Simple statements of risks and benefits may not reveal the complexity of human responses to research participation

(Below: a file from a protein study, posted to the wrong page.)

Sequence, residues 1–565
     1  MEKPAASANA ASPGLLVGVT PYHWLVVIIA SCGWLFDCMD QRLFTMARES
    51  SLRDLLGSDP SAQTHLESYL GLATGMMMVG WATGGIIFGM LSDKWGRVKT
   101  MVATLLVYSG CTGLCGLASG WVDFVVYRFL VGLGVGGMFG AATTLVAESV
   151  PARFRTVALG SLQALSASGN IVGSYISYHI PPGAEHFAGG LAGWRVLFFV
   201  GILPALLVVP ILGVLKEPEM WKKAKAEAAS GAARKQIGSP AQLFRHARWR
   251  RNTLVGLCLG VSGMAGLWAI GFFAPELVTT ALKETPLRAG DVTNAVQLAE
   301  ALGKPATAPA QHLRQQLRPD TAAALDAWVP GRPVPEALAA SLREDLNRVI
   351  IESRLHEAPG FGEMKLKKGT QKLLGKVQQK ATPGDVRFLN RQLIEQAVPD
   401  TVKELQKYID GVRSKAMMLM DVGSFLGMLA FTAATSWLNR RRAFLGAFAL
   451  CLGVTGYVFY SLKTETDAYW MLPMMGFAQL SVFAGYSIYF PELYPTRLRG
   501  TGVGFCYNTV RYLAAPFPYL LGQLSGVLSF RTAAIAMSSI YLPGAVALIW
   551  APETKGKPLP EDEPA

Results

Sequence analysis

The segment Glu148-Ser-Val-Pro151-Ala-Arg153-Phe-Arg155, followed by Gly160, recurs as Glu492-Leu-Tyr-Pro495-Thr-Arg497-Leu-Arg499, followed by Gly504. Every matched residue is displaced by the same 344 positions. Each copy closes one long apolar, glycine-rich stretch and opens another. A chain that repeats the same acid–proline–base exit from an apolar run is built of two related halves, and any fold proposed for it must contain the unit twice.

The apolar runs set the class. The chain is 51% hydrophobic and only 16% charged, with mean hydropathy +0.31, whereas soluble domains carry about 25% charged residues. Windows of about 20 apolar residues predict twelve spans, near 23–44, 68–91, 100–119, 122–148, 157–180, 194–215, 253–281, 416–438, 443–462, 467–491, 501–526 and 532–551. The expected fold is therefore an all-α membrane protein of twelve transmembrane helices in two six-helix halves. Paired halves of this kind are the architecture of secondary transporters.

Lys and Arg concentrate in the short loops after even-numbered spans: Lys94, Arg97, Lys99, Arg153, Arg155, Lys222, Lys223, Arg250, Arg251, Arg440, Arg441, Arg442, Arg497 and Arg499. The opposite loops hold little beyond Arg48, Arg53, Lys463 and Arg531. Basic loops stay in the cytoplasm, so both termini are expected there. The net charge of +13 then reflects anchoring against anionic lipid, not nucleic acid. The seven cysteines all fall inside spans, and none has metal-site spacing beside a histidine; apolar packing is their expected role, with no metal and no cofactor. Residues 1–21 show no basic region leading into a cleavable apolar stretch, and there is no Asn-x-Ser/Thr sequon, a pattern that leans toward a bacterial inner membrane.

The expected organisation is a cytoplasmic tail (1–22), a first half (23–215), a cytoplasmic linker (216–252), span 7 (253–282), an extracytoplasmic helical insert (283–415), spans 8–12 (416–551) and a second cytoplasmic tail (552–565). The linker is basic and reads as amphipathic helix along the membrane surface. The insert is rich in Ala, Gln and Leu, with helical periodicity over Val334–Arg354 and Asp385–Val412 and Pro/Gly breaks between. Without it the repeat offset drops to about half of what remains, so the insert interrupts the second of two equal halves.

In this issue of the Journal, Scott and colleagues (page 507) report on a retrospective study of family members' experience of participation in a previous study following their child's diagnosis with Ewing's sarcoma.1 The research is important because it casts empirical light on an ethical issue often debated in human research ethics committee meetings: how does research affect those who participate in it? Ethics committees can be very cautious about granting approval for research into sensitive areas because of concern about the impact on research participants.
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